Until we can safely use all the data that we hold about individual patients, that number will remain stubbornly high.
Cancer is another example.
Major trials funded by the NIHR show that many people given surgery or radiotherapy for prostate cancer will do no better than those without treatment.
But we don’t know which people in advance.
If we can marshal all the data about a patient, then we can treat each patient as an individual, finding the treatment that’s right for them.
Bringing the ‘number needed to treat’ closer to one, saving the NHS and patients the cost and pain of unnecessary treatments.
So that’s the first big change we can harness.
The other big difference is that we now have the computing power and the artificial intelligence to do the marshalling.
Already, AI can perform as well as human radiologists at detecting certain cancers.
AI developed at MIT recently found a new antibiotic for tackling drug resistant microbes.
This is why we’ve set up a £250 million AI Lab in the NHS to identify and scale the most promising technologies and crucially, to get the regulation right.
By the end of the decade we need doctors to have all the relevant data about the patient in front of them, not just the patient’s full health record but genomic data, any self-generated data they want to volunteer, and data on similar cases.
We need them to have the AI and other decision-support tools to process that data, and we need them to have the right training to understand it all.
It can be done. It is being done in the most advanced parts of the NHS. We need to turn the NHS from a national hospital service to a health service. Making sure that we’re focused on the health of the patient.
And that brings me to the third part of the NHS: ‘S’ is for service.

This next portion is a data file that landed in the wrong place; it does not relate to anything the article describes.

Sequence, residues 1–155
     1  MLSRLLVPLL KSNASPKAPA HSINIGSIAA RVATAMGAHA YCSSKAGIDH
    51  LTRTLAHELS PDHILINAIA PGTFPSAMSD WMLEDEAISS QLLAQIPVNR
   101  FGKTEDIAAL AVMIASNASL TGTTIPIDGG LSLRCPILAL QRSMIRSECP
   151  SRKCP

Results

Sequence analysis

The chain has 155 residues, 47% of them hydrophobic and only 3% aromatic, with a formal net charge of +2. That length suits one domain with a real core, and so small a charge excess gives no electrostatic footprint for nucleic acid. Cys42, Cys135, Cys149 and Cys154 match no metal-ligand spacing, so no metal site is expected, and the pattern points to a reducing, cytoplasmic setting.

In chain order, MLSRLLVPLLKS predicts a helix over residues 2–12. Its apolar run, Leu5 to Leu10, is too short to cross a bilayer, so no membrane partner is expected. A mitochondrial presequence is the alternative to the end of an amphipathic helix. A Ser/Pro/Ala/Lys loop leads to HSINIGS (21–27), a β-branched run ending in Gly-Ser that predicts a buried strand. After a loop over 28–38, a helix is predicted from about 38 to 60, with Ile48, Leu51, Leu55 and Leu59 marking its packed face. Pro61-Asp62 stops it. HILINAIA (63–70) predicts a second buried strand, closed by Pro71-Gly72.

I’ve drawn a deliberate distinction between health and service.
Between clinical outcomes and public confidence.
To help explain what I mean, I want to tell a story.
I mentioned the problem of different care settings not being able to access vital patient records.
At Barts in East London, they’ve solved that problem for chronic kidney patients.
It works like this.
The renal unit at Barts have a data-sharing agreement with 160 local GP practices, allowing consultants to remotely view full GP records with patient consent.
It means they can see a patient’s creatinine levels over time – a crucial indicator of kidney health – as well the medical history, co-morbidities, past hospitalisations and so on.
Following review of the notes, the consultant records her advice on Barts’s system and the practice gets a notification.
The small minority of patients who need further investigation then get triaged into traditional face-to-face clinics.
The vast majority of patients don’t ever have to go to hospital. And they get reviewed much faster.
Before the virtual kidney clinic started, the average time from referral to first outpatient appointment was 64 days.
Now the time between referral and assessment is less than a week.
It’s too early to say if it’s improved clinical outcomes.
But that is not the point of the exercise. The point is to improve the service.
Because if you’re in a nursing home with chronic kidney disease, then getting into central London to go to Barts can be a real ordeal.
The virtual clinic improves patient access to the NHS, while removing the whole rigmarole of arranging transport, travelling in, worrying about tube delays, tracking down missing referral letters and sitting around in waiting rooms when you’re not very well.